The New Life Movement in postwar Japan was a set of loosely connected initiatives of government offices, women's groups, and corporations. Aimed entirely at women, the movement addressed a range of concerns, from morality and democratic social relations to kitchen redesign and public hygiene, but gender issues such as sex roles, reproduction and the definition of the “housewife” were central. This paper looks at all these activities, it examines in particular the efforts of dozens of major corporations to set up outreach programs to train the wives of male employees in skills of household management and child rearing. The New Life Movement was part of two crucial social and cultural processes in postwar history. It powerfully reinforced the idea that the needs of the corporation “naturally” were congruent with the needs of all Japanese people. And it naturalized a model of gender relations in which women of all social strata managed the home, while men managed the work place. This paper concludes by comparing these processes in Japan to similar ones in Europe and America.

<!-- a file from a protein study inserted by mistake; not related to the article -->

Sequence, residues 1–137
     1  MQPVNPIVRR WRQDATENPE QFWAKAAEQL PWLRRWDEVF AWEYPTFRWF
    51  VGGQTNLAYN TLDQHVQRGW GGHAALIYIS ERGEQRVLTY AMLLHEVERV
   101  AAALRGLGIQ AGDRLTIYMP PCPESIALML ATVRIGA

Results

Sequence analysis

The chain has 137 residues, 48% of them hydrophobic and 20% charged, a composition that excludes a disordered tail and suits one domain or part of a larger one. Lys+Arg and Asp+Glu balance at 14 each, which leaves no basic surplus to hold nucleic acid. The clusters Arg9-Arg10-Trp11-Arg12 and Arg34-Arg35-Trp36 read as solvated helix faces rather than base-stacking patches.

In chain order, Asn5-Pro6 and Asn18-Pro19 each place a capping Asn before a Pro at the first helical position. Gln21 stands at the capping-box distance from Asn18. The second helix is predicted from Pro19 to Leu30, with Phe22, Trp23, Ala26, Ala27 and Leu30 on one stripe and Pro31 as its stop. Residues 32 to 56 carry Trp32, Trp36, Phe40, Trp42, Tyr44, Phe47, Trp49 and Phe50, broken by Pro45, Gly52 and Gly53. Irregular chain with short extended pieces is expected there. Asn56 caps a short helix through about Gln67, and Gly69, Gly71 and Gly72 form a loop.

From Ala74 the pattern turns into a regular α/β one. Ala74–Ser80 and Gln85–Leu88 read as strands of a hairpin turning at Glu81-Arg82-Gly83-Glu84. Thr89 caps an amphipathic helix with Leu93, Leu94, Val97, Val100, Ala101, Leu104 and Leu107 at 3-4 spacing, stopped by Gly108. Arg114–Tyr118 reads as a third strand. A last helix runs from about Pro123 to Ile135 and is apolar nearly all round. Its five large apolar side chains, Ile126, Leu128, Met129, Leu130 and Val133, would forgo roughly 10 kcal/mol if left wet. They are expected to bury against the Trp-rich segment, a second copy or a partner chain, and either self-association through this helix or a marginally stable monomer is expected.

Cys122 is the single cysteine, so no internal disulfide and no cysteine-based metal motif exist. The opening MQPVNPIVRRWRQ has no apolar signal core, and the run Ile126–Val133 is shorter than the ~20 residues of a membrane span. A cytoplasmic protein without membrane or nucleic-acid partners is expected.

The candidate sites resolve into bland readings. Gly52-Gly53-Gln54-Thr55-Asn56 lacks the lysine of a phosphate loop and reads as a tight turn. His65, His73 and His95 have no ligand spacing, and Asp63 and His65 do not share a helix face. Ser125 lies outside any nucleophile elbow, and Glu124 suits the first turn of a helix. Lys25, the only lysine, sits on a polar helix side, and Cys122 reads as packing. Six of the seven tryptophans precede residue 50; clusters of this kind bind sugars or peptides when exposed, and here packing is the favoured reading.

At the beginning of the Great Depression, no successful foreign model of social security for workers existed, so the Japanese were forced to develop their own solutions. The author analyzes Japanese worker and managerial responses to the crisis of the Great Depression and their continuing impact.